PHILADELPHIA ( - The minute Byron Maxwell signed his big-money deal with the Eagles, it was doomed to failure.

That's because the veteran cornerback who was a good player in Seattle's predominately cover-3 zone defense signed a contract (six years and $63 million) that came with the expectations of greatness.

Still, Maxwell's disappointing 2015 season, which wasn't quite as bad as people remembered, isn't the reason he calls South Florida home now, it was because Howie Roseman and the organization were intent on getting the answer at the game's most important position.

"It was obvious," Maxwell said on Monday afternoon after the first of two joint practices between the Dolphins and the Eagles at the NovaCare Complex when asked why he was traded. "[The Eagles] needed a quarterback."

To that end, both Maxwell and linebacker Kiko Alonso were sent to Miami in a deal that moved the Eagles from the 13th to the No. 8 overall in the 2016 draft. From there the Eagles moved up again to the second-overall selection to grab Carson Wentz, the second-year signal caller who wowed the visiting Miami reporters with a sharp day against the Dolphins' defense.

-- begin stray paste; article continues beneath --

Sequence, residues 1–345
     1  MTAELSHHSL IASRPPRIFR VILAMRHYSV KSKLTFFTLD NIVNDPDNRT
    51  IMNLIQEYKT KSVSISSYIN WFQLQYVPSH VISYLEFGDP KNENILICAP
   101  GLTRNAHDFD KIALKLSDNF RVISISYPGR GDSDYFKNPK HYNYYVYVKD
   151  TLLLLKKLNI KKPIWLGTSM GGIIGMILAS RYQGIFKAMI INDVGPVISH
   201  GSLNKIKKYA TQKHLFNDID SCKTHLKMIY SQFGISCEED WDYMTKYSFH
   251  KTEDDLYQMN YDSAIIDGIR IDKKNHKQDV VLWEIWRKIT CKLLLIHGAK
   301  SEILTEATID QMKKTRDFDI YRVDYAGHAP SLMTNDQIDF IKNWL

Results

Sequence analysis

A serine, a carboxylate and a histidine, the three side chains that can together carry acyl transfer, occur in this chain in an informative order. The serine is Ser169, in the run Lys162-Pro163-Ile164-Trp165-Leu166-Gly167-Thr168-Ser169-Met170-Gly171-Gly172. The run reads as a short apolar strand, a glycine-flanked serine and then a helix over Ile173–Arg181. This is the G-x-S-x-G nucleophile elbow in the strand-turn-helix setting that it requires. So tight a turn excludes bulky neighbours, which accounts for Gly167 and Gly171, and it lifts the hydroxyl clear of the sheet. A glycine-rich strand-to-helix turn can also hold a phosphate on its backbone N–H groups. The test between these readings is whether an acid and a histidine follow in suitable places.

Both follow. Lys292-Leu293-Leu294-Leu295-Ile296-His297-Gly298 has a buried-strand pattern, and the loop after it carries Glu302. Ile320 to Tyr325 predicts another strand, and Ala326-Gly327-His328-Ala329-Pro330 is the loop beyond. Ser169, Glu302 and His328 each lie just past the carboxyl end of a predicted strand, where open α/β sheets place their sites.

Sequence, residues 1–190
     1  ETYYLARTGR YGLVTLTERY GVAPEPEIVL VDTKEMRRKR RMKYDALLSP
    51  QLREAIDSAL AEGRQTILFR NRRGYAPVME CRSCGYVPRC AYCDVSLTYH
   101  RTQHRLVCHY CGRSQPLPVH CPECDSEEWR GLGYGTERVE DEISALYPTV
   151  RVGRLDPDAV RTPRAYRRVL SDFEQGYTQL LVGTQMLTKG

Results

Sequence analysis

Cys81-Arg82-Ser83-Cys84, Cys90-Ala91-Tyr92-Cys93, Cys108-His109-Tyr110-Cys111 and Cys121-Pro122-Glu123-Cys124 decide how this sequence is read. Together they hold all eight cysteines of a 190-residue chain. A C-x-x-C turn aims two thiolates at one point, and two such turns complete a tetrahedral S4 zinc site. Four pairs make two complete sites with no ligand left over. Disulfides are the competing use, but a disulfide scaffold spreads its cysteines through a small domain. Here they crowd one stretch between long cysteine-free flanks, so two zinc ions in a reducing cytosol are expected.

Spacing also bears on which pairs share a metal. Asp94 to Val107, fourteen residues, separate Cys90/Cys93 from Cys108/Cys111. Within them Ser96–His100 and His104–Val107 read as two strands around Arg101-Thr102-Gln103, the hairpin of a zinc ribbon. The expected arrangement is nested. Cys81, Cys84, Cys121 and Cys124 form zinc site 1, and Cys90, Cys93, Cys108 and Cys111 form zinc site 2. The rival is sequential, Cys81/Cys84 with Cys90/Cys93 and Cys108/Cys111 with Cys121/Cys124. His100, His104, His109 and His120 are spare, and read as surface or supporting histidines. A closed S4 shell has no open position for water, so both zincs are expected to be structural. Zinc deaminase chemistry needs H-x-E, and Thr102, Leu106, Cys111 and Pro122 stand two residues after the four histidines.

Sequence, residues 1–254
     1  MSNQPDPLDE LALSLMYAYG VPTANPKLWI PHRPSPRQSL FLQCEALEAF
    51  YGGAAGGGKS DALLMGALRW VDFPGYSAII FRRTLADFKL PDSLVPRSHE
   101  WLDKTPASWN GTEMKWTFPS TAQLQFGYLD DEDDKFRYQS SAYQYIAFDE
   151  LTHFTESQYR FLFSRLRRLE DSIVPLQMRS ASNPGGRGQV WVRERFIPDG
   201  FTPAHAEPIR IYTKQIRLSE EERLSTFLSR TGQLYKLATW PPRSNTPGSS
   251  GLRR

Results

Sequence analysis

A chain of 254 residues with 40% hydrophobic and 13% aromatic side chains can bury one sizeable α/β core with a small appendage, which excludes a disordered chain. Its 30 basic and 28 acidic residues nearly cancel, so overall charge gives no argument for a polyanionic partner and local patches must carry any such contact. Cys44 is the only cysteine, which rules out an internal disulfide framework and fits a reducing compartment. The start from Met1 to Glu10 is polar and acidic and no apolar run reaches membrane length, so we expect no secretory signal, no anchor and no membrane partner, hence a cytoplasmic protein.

Part of that was Wentz finding Alshon Jeffery and Torrey Smith at the expense of Maxwell, a classy player who still uses the trade as motivation.

"I would be lying if I told you I don't want to do better than the Eagles do," he said. "I do. I want to win more games than them. I want to prove them wrong."

That's probably not going to happen because the Eagles are thrilled with Wentz and his progression as a player but Maxwell is unfazed by that reality,

"That's just what I do," Maxwell claimed. "You can call it petty -- I don't know what it is. But that's just what I do, how I feel. That's just realistic. I know what it is but I still want to do better than my old team. I don't think no player wants the team to get rid of you and then they do better, to be honest with you."

There might be one actually, the laid back Alonso, who was also a one-year disappointment in Philadelphia after Chip Kelly traded the franchise's all-time leading rusher, LeSean McCoy, for him.

"Obviously, it wasn't the year we wanted," Alonso said. "It is what it is. ...I didn't really get caught up in [the trade]. I was just like, just go with the flow. They traded me, I was like 'alright, I'm going to Miami.'"

Like Maxwell, Alonso rebounded to play well with the Dolphins last season but he wouldn't blame his failed Eagles' stint on a knee injury that was clearly hampering him.

"No, I was good," Alonso claimed. "Obviously I hurt it early on, but I was good to go.”

-John McMullen covers the Eagles and the NFL for You can reach him at or on Twitter @JFMcMullen

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